Zola Explains the Three Days and Three Nights

Reprinted with permission given from Zola Levitt Ministries…

The following is an essay on the most asked question that comes to Zola Levitt Ministries during the season of Lent/Easter, when you may ask it yourself.

Friday to Sunday?

QUESTION: If the Lord was crucified on Friday and rose on Sunday, how could that encompass three days and three nights?

ANSWER: The Gospel accounts indicate that the Lord was crucified on Friday at 9:00 a.m. and taken off the cross at 3:00 p.m. His body was prepared for burial and interred at sundown the same day, which was the beginning of the Festival of Unleavened Bread. The Lord then arose on Sunday morning after sunup.

According to the modern way of counting, this spans barely two days. Yet that time period seems to disagree with Jesus’ earlier prediction:

“For as Jonas (Jonah) was three days and three nights in the whale’s belly; so shall the Son of man be three days and three nights in the heart of the earth.” Matthew 12:40 

The prophecy can be understood when we examine the Jewish way of counting days and nights. We must recall that the Jewish day always starts at sunset, so that Friday really begins on Thursday evening (a fact that is reflected in the language of Genesis–“the evening and the morning” are the first day). The second day, then, begins at sundown on Friday and continues through the daytime on Saturday. Finally, Sunday begins at sundown on Saturday and stretches through Saturday night and the daylight hours of Sunday, making the third day. Since the Jews counted any portion of daylight as a full day, then Friday morning through Sunday morning would have been seen as three complete days and nights.

People have sometimes struggled to move Passover (the “Last Supper”) back one day in order to get three days and three nights the way we would count them in the Western world, but that would be inaccurate. Even in the Western world we begin each day on the night before at midnight, so the concept is not strange to us. Supporting this understanding of the Lord’s crucifixion on a Friday (against those who claim that it happened on a different day) is the centuries-long history of Christians celebrating Good Friday, not “Good Thursday” or “Good Wednesday.” This evidence indicates that we can trust the accuracy of the Bible’s account, and also confirms that knowing the Jewish roots of Christianity can open a deeper understanding of God’s Word.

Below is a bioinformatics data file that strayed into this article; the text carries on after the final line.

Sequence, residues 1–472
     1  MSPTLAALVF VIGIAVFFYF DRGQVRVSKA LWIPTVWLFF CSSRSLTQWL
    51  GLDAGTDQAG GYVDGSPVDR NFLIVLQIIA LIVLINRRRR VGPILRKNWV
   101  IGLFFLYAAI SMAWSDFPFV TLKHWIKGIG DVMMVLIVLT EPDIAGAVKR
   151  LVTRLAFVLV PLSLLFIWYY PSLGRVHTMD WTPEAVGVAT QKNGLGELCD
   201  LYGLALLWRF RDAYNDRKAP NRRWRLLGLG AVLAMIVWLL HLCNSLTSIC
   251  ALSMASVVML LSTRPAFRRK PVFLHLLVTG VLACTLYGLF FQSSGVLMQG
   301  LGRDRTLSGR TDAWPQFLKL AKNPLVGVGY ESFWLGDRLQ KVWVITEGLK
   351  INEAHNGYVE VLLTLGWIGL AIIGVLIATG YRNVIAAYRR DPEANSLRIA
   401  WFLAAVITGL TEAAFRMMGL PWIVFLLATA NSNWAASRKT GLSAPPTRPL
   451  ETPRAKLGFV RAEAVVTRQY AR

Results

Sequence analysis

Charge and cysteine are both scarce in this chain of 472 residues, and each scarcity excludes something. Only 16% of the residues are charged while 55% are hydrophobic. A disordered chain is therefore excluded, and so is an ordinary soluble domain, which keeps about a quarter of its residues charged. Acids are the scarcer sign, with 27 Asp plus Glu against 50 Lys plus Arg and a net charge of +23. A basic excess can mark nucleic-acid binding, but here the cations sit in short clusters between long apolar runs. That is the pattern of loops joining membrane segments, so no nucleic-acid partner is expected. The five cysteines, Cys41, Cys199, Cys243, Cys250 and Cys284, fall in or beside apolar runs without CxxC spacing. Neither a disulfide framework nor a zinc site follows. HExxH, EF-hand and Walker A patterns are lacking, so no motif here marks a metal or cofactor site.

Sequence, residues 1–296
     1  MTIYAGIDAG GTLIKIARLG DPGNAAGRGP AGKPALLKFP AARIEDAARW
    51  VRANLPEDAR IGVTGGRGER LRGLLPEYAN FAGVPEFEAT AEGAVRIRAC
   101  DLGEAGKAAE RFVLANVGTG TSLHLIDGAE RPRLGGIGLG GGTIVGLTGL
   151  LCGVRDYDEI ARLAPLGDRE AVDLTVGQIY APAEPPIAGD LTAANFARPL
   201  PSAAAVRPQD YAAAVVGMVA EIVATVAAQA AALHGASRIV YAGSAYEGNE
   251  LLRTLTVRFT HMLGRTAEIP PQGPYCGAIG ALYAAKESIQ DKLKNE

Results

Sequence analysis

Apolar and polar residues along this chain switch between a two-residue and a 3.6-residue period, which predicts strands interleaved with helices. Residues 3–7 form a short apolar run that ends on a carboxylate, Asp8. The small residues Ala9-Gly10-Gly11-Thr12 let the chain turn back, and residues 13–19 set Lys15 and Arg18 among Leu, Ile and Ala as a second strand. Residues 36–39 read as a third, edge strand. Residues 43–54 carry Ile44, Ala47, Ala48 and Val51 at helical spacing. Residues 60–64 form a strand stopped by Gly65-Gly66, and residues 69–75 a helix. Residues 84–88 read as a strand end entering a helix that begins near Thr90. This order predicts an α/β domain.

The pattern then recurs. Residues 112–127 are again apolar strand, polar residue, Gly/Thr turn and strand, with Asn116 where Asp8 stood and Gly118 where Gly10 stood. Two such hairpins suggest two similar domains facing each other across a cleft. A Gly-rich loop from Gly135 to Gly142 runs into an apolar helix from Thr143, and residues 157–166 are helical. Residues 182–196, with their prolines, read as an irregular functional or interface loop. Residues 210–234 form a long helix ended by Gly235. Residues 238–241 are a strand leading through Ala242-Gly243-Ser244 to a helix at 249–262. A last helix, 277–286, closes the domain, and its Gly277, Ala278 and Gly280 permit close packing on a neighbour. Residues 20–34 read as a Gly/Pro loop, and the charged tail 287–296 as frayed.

Do the Gospels Disagree on When Jesus Died?

QUESTION: Did Jesus celebrate the Passover and die on Passover day, or did He celebrate and die on the day before? Matthew, Mark, and Luke say He died on Passover day, but John seems to claim that He celebrated and died the day before the Passover. Why the difference?

ANSWER: The difference between John’s Gospel and the Synoptic Gospels (Matthew, Mark, and Luke) regarding the Passover and death of Jesus is attributable to the fact that two systems were used at that time for reckoning Passover day. The Judeans used a method of reckoning different from the Galileans (Matthew, Mark, and Luke). The Galileans and Pharisees measured days from sunrise to sunrise, whereas the Judeans and Sadducees used the sunset-to-sunset reckoning in John’s Gospel.

“And the evening and the morning were the first day.”–Genesis 1:5

Thus, Jews from Galilee celebrated their Passover on Thursday evening, with Passover day starting at sunrise Friday morning. Jews in Judea and Jerusalem, however, celebrated Passover on Friday evening at sundown. Consequently, according to John and the Jews in Judea, Jesus’ celebration on Thursday and death on Friday before sunset occurred on erev Pesach (the eve of Passover), because Passover started for them at Friday’s sunset.

The Galilean method used by Jesus and His disciples would have the Passover Lamb slain and Last Supper on Thursday, 14 Nissan. The Judean method used by John would have the Passover Lamb slain on 15 Nissan.

Most scholars agree that because of the two different methods of timekeeping, there were two days for the slaying of the lambs, which makes sense given the number of lambs being slaughtered. That task couldn’t be done in a single day.

There is no contradiction; the Gospels reflect the two different chronological systems for determining the Passover.

Zola Levitt site: http://www.levitt.com

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